3 Secrets to Improving Your Client Communication

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Kate Cygan on October 04, 2022

Do you remember playing Telephone as a kid? Someone would start the game by whispering “Llamas are very soft,” then the last kid in the circle would confidently yell “Liam has dirty socks!”

Teachers and parents use this game to teach a variety of lessons, but it’s the perfect example of how easy it is to bungle communication. Especially in the digital world.

We all have our war stories about digital communication. You schedule a quick chat on Zoom but the other person hops in the Google Meeting. Then you both leave your respective meetings to join the other call and end up in a Tom-and-Jerry-like run around trying to find the other person’s digital conference room.

Or worse, you schedule a meeting and your point of contact can’t make it. So you end up speaking to someone you’ve never met before, who isn’t briefed on your services and relays a totally different message to your client after the call is over.

The last thing you want is to play telephone with the people who support your business. You need your clients to trust you, find value in your service and be excited to continue their partnership. All of this comes from exceptional communication.

In this interview, Kate offers her three secrets to improving your digital client communication. She reviews client communication best practices, offers advice about what tools you can use and highlights how you can ensure you’re meeting client expectations with clear communication.

#1: Use a Variety of Communication Channels

Every organization should be channel flexible, which means they have the ability to communicate across various communication channels without missing a beat. This might sound easy enough, but when you’re dealing with multiple clients who all need your attention, it can get tricky.

“Organization and communication are the two most important parts of successful client relationships,” Kate says. “Using the right channels is crucial for efficiency and staying on point.”

You need client communication tools that enable you not only to provide customer support but that also connects your sales, marketing and service teams.

Customer Relationship Management (CRM)

Many businesses accomplish team connectivity through their CRM. Using a CRM allows you to store all of your client information in one spot that’s easily accessible for every team. You can log every customer interaction so your entire team knows where they are in their customer journey, what they need from you and what their individual role is. This creates a seamless experience for your clients and builds trust with your brand.

HubSpot’s CRM is great for company or client specific information because you can add company and contact records,” Kate explains. “You can add the notes from calls, see communication to and from the client and more. Plus, you can grant access to everyone working with that client, so you know your team is on the same page.”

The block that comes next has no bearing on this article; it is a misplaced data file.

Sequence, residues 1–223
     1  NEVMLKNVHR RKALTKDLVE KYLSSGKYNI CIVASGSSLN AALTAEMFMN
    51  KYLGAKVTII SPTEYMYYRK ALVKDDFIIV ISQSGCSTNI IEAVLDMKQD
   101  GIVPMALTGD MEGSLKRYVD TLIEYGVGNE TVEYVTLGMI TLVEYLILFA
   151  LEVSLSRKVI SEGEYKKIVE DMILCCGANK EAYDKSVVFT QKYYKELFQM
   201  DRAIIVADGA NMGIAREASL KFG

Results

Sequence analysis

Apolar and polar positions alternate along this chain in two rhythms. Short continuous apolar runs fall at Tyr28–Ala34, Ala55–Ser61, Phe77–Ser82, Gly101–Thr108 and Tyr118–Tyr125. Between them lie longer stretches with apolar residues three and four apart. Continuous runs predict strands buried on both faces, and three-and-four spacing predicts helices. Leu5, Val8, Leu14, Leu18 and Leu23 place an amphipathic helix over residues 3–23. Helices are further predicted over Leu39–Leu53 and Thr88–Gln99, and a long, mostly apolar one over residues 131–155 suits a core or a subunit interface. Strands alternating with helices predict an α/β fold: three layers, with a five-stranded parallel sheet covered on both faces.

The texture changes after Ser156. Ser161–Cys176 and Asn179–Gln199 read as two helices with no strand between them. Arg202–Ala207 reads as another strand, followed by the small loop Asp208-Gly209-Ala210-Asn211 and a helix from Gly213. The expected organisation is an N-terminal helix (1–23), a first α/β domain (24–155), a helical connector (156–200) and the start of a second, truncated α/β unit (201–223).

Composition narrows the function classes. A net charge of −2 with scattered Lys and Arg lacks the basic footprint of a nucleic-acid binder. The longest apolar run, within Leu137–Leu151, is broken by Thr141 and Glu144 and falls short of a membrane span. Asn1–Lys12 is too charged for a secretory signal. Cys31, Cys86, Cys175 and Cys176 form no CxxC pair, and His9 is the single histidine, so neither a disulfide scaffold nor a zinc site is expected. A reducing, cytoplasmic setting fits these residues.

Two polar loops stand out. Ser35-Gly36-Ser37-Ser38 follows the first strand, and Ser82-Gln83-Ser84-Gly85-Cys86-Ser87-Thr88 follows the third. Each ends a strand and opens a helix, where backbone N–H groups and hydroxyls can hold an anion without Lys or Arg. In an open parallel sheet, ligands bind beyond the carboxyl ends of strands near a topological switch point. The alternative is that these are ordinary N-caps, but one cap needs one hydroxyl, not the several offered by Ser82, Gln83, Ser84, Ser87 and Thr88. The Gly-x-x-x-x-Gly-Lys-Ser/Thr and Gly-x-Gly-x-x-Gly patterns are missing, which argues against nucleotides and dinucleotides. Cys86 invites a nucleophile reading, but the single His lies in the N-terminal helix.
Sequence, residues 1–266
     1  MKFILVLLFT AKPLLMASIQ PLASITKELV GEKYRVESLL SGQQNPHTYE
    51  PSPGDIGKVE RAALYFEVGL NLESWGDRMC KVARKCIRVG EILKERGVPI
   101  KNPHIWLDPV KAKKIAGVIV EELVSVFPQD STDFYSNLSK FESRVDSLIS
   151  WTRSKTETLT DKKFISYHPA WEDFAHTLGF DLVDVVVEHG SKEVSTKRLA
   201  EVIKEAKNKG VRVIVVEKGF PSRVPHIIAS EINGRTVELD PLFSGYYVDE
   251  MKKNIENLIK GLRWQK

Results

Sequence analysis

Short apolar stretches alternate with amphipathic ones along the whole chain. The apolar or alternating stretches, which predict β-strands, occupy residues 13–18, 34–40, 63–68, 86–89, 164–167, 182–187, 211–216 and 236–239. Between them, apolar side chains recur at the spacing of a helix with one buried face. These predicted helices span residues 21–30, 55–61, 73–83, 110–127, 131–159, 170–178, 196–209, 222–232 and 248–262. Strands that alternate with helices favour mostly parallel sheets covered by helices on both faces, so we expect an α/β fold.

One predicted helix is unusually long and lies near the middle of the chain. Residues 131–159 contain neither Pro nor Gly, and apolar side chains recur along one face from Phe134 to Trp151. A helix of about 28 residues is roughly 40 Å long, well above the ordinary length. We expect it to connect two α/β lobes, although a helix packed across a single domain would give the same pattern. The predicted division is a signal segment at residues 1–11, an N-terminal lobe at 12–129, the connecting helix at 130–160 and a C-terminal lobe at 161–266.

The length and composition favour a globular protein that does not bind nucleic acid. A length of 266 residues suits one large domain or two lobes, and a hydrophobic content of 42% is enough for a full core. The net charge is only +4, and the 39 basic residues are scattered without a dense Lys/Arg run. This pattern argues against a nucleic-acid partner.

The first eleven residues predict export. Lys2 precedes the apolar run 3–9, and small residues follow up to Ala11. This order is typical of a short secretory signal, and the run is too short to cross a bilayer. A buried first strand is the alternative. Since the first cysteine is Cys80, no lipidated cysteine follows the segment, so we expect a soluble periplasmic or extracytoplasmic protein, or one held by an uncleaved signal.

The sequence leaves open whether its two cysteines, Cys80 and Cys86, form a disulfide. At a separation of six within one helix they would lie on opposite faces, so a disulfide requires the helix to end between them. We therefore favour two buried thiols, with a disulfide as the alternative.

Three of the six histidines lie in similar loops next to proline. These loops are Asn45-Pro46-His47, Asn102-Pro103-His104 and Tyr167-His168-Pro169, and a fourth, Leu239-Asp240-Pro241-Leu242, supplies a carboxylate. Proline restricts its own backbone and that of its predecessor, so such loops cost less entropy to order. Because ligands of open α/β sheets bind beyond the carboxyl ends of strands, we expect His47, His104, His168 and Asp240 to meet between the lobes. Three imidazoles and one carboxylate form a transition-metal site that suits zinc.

Zoom

“Zoom (and other video conferencing platforms) is ideal for communicating with clients. It should be the primary interface for client meetings, whether that’s a check in, a campaign review or something else,” Kate says.

The reason video calls prevail in online communication is because it’s a close facsimile of face-to-face meetings. It helps build trust with your clients when they know who you are, what you look like and what you sound like. It makes them feel like they know you instead of just being a signature on an email.

Kate adds that the value of integrating video in your client service processes goes beyond scheduled Zoom calls. “Between Zoom meetings you can use 1:1 video services like Vidyard to explain designs, metrics, copy and more. This continues to build trust and is much easier for people to understand than reading through complex ideas in an email.”

Email

Almost every business in the country defaults to email as their main communication channel. It’s fast, it’s easy and people can address messages in their own time. This is why it’s incredibly tempting to use email as your main communication tool with clients, but Kate advises against that.

“It’s okay to use email for quick updates or meeting follow-ups, but this should almost always come after you’ve had a ‘face to face’ meeting on Zoom. This way you know for sure that you and your client are on the same page.”

Kate added that most client feedback will come through email, but at times the tone of voice can be difficult to decipher. If you ever think a customer is feeling frustrated or isn’t happy with your service, she recommends picking up the phone instead of responding to the email.

“This is a great ‘in the moment’ response to your client,” she says. “It shows you’re willing to take the time to address their concerns and find a solution. Plus, it gives you a chance to accurately gauge their feelings. Are they really upset or did their email just make it seem that way?”

This is why video communication is so important in digital relationships. There is only so much you or your clients can effectively convey through written methods. It’s critical to have regular face to face interactions so you can gather all the context clues you need to help your client.

Internal Communication

“Good client communication starts with good internal communication,” Kate says. “You need your team to be on the same page and have access to the information they need to do their job.”

The first communication tool every team needs, remote or not, is a project management system. This allows the entire team to see what a client needs and who is responsible for those deliverables. It creates accountability on your part and streamlines the project management process.

Kate also notes that cloud storage services like Google Drive or Dropbox are ideal options for storing documents such as contracts, presentations or client submitted information. With everything in one spot, you can give access to those who need it on your team.